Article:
The Four Accomplishments

Artist: Utagawa Toyohiro 歌川豊広 (1773-1828)
Historical period(s)
Edo period, 19th century
Color and gold on silk
H x W (image): 101.8 x 41.5 cm (40 1/16 x 16 5/16 in)
Credit Line
Gift of Charles Lang Freer
Freer Gallery of Art
Accession Number
On View Location
Currently not on view

Hanging scroll (mounted on panel)

Edo period (1615 - 1868), go, Japan, kakemono, koto, music, qin, the four accomplishments, ukiyo-e

To 1903
Yamanaka & Company, to 1903 [1]

From 1903 to 1919
Charles Lang Freer (1854-1919), purchased from Yamanaka & Company in March 1903 [2]

From 1920
Freer Gallery of Art, gift of Charles Lang Freer in 1920 [3]


[1] Undated folder sheet note. Also see Original Kakemono and Makimono List, no. 1, pg. 70, Freer Gallery of Art and Arthur M. Sackler Gallery Archives. The majority of Charles Lang Freer’s purchases from Yamanaka & Company were made at its New York branch. Yamanaka & Company maintained branch offices, at various times, in Boston, Chicago, London, Peking, Shanghai, Osaka, Nara, and Kyoto. During the summer, the company also maintained seasonal locations in Newport, Bar Harbor, and Atlantic City.

[2] See note 1.

[3] The original deed of Charles Lang Freer's gift was signed in 1906. The collection was received in 1920 upon the completion of the Freer Gallery.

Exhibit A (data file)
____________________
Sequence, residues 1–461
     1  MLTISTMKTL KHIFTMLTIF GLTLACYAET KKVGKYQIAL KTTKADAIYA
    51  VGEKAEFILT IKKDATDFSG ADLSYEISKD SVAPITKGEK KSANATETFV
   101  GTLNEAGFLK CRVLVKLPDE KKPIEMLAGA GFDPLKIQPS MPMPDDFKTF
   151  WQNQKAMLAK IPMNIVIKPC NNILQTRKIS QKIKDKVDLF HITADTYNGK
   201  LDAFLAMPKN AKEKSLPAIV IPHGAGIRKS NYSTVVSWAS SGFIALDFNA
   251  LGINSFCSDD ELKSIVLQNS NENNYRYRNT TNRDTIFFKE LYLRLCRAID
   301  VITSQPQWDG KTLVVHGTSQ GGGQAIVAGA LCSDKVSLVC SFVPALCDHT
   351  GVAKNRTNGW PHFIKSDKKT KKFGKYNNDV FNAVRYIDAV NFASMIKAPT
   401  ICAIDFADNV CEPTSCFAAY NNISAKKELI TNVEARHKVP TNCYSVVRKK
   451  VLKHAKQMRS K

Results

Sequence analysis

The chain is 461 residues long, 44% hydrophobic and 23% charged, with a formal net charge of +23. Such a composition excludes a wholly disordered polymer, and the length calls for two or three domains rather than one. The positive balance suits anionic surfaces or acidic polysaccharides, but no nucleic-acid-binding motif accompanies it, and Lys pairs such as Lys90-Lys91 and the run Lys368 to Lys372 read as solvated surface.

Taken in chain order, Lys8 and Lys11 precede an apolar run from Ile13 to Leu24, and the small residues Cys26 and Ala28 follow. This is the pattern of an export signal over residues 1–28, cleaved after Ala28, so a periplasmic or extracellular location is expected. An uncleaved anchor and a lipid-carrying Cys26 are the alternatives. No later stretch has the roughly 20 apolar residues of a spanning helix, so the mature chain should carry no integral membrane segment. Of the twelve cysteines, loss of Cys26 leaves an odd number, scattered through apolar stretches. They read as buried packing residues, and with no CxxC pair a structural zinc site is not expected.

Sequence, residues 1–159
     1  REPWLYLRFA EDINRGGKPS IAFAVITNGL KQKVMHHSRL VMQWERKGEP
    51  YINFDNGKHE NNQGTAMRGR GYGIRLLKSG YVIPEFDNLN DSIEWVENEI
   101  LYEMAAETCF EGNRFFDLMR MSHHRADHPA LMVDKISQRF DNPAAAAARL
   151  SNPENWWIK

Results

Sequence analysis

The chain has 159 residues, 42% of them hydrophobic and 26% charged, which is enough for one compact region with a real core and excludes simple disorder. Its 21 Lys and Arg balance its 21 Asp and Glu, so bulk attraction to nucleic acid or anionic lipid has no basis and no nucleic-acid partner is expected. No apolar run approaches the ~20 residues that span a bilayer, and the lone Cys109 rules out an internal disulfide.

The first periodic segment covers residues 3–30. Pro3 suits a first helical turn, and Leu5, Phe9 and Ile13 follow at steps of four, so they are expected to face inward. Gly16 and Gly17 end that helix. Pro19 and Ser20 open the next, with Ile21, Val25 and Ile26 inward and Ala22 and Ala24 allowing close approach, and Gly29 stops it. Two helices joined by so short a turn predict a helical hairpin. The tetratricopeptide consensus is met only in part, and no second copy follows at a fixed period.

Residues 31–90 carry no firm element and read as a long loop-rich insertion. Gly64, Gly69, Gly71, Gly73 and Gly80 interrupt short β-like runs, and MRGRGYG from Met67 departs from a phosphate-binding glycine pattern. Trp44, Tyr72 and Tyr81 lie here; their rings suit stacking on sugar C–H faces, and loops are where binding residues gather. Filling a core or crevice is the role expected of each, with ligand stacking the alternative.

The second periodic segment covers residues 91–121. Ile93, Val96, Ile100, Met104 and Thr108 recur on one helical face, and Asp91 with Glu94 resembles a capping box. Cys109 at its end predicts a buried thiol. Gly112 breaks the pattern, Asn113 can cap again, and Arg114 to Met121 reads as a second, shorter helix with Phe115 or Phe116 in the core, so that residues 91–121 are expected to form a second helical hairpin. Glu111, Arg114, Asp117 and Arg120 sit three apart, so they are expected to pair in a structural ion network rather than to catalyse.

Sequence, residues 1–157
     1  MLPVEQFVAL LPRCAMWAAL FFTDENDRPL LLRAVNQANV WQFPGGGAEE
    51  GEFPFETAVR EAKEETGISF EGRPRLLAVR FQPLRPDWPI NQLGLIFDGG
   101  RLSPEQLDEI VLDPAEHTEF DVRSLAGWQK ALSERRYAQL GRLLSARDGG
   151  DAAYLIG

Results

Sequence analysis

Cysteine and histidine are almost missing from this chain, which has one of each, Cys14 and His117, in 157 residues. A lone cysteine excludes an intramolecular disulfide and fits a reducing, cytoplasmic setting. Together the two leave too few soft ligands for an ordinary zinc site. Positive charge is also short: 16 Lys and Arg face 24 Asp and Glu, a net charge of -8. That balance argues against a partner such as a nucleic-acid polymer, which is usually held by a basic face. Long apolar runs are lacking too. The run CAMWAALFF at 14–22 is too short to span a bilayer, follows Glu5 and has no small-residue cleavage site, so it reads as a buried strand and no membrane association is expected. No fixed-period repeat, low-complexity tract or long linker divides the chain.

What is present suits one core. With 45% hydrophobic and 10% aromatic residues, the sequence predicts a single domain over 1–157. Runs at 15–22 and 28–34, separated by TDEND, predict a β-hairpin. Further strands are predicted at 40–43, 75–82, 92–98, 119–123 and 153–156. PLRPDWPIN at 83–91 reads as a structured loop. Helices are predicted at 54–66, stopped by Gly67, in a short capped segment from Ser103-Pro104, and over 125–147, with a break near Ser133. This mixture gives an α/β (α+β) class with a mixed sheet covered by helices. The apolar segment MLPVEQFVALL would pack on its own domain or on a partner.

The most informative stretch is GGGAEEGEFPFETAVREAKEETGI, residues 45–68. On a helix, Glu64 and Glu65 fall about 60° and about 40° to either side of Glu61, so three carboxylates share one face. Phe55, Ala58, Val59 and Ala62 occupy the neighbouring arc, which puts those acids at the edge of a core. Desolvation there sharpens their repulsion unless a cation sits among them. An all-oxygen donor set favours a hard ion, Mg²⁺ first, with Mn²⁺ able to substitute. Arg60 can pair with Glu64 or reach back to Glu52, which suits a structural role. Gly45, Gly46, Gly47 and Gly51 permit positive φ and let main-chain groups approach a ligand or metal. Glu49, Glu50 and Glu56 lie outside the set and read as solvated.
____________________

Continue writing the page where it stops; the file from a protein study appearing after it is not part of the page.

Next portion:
Previous Owner(s) and Custodian(s)

Charles Lang Freer 1854-1919
Yamanaka and Co. (C.L. Freer source) 1917-1965


The Four Accomplishments-arts to be mastered by an ideal Chinese scholar-were playing the musical instrument qin, the board game weiqi, calligraphy, and painting. This ideal was adopted in Japan and slightly modified to include koto, a type of zither played by plucking (shown at the far right), and the Japanese board game go (replaced here by sugoroku, a game similar to backgammon). Instead of scholarly gentlemen practicing the Four Accomplishments, however, these paintings show Japanese courtesans in the urban "floating world" of pleasure and entertainment. While geisha and high-class courtesans often possessed great artistic skills, their appearance in conjunction with these scholarly Chinese pursuits creates an unexpected joining of disparate themes and social contexts. This form of artistic play on the unexpected, known as mitate, was popular in literature and visual art during the Edo period (1615-1868).

Published References
  • Harold P. Stern. Ukiyo-e Painting: Freer Gallery of Art Fiftieth Anniversary Exhibition. Exh. cat. Washington and Baltimore, 1973. cat. 76, pp. 204-207.
Collection Area(s)
Japanese Art
Web Resources
Google Cultural Institute
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